Getting the bioeconomy going
The Commission established a knowledge centre dedicated to this vast dimension field
22 July, 2017
A new Bioeconomy Knowledge Centre that sets together all pieces of the puzzle of this vast area and will fully prop up policymakers and stakeholders with science-based evidence, was kicked off on 20 July by the Joint Research Centre, the Commission's in-house science service, in cooperation with DG Research and Innovation. The centre is configured as an online platform that not only generates knowledge, but will bring together, structure and make accessible knowledge from a wide range of scientific disciplines and sources on the bioeconomy, the sustainable production of renewable bioresources and their shift into valuable products.
At the opening event was held a discussion among officials from the Commission, the EP, the CoR, industry and civil society on how improved knowledge on bioeconomy can help policymakers better design related EU policies now and looking decades ahead. They also accented on the gaps and challenges that still exist for evidence-based bioeconomy policymaking.
The fact that two EU commissioners opened the event essentially speaks about the importance the Commission is putting on the topic. The commissioner, who holds the education, culture, youth and sport portfolio and is also responsible for the Joint Research Centre, Tibor Navracsics, pointed out that the Bioeconomy Knowledge Centre builds on the Joint Research Centre's expertise in knowledge management, offering policy makers relevant information in a timely manner and a format that is easy to use. “It is another important step in further strengthening the sound evidence base we need to tackle the societal challenges facing the EU,” he also noted.
His colleague Carlos Moedas, commissioner for research, science and innovation, underlined that the launch of the Bioeconomy Knowledge Centre marks an important step in bringing the different policy areas of the bioeconomy closer together.
Already being a significant slice on the EU economy pie chart, the bioeconomy has potential for growth through innovation in agriculture, forestry, bioenergy and biomass, chemicals, materials and waste management among others. The new centre will support the Commission in reviewing the Bioeconomy Strategy of 2012, which has to be updated in view of the developments like COP21 Paris agreement, the UN sustainable development goals and the Circular Economy Package.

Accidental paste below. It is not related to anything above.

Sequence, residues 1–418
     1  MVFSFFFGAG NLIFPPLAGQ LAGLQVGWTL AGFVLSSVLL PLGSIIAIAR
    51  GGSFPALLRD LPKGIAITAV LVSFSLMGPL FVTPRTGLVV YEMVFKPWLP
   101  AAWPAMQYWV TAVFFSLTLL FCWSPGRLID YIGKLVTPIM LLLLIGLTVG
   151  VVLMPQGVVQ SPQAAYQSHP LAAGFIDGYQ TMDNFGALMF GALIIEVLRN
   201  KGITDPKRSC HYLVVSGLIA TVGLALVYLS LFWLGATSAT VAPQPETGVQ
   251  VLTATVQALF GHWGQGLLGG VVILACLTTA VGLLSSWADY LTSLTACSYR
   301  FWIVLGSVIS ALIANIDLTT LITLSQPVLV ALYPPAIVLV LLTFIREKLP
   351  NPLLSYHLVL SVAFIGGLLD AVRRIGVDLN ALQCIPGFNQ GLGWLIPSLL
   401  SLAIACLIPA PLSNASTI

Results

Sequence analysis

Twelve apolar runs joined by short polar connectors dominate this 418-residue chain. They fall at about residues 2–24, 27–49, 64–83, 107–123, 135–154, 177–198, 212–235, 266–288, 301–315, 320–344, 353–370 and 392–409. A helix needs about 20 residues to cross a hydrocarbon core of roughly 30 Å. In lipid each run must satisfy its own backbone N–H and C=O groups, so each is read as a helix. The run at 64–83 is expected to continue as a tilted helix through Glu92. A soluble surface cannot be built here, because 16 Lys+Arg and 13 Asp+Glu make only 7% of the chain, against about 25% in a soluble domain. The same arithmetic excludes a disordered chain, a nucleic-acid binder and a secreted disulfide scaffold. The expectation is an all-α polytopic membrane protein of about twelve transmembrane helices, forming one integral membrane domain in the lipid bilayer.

Vladimir Sucha, Director-General of the Commission’s Joint Research Centre commented for Europost that the added value of the knowledge centre is that it will be a one-stop-shop for data, information and knowledge on bioeconomy. Stating that bioeconomy is a composition of different policies and different scientific fields, he explained that “if we only take one dimension, so then we are very likely to make a mistake.” The centre is gathering all pieces of information and collecting them, giving access to people who are going to decide. If we decide that we are going to use crop production for biofuels and we are only looking at the decrease of CO2 emissions, by doing this step we may cause another problem with the food security, Vladimir Sucha warned adding that the whole issue should be taken together and a well informed decision should be made. To support well informed decision making process is the main added value of the centre, he opined. The “virtual hub” will be supported by scientists but it will be relying on the huge virtual network inside the Commission and across the all EU countries.
EU bioeconomy represents a huge field with employment of 18.6 million people and turnover of €2.2 trillion. But there is a huge dimension which is going to the waste and if we can bring the added value and to use within the circular economy the biomass in much better way obviously there is a huge potential also in the future, because it is fully recyclable, fully circular and fully renewable. As it was said during the discussion, we need to know that we are not cutting more trees than we are growing trees, otherwise it is not sustainable, the Joint Research Centre chief specified conceding that “if we keep the balance we can move forward and have products with a lot of added value.”